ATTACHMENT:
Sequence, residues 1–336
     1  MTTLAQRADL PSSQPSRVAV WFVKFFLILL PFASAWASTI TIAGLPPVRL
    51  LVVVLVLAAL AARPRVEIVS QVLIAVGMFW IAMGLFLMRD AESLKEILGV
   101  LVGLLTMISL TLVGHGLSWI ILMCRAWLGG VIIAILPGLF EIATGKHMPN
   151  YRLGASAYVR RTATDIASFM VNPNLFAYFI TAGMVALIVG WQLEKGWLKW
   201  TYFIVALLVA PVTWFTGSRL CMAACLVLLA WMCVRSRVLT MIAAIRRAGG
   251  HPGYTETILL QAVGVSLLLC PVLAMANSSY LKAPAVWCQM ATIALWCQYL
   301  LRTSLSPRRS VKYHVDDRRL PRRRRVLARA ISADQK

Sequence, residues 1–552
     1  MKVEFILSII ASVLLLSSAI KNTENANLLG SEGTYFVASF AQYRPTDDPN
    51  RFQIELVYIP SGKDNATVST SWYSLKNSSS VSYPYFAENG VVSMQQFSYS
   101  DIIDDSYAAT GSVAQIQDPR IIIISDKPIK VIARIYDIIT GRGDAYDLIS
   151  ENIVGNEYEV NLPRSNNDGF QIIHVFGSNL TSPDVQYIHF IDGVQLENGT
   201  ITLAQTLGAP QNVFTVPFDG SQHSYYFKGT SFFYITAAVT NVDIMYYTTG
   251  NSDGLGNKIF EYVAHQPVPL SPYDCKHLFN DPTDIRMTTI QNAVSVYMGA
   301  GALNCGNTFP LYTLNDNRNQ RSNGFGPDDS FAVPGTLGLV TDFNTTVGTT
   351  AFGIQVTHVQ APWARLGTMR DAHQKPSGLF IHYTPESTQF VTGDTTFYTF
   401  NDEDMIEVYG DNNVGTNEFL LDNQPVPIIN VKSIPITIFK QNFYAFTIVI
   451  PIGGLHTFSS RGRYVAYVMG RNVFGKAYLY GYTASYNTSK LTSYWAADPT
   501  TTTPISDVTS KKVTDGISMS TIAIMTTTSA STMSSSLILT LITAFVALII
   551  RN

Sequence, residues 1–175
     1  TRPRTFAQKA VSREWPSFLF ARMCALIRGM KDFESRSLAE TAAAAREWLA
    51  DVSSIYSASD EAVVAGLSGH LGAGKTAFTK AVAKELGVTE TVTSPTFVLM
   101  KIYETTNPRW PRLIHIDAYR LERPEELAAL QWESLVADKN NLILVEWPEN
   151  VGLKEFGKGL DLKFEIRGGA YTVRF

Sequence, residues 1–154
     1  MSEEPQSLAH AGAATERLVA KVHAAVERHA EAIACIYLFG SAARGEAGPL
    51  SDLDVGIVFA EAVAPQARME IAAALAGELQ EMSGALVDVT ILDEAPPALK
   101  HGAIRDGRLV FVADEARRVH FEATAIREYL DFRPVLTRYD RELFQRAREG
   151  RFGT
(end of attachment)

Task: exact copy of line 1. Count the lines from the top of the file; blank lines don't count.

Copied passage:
Sequence, residues 1–336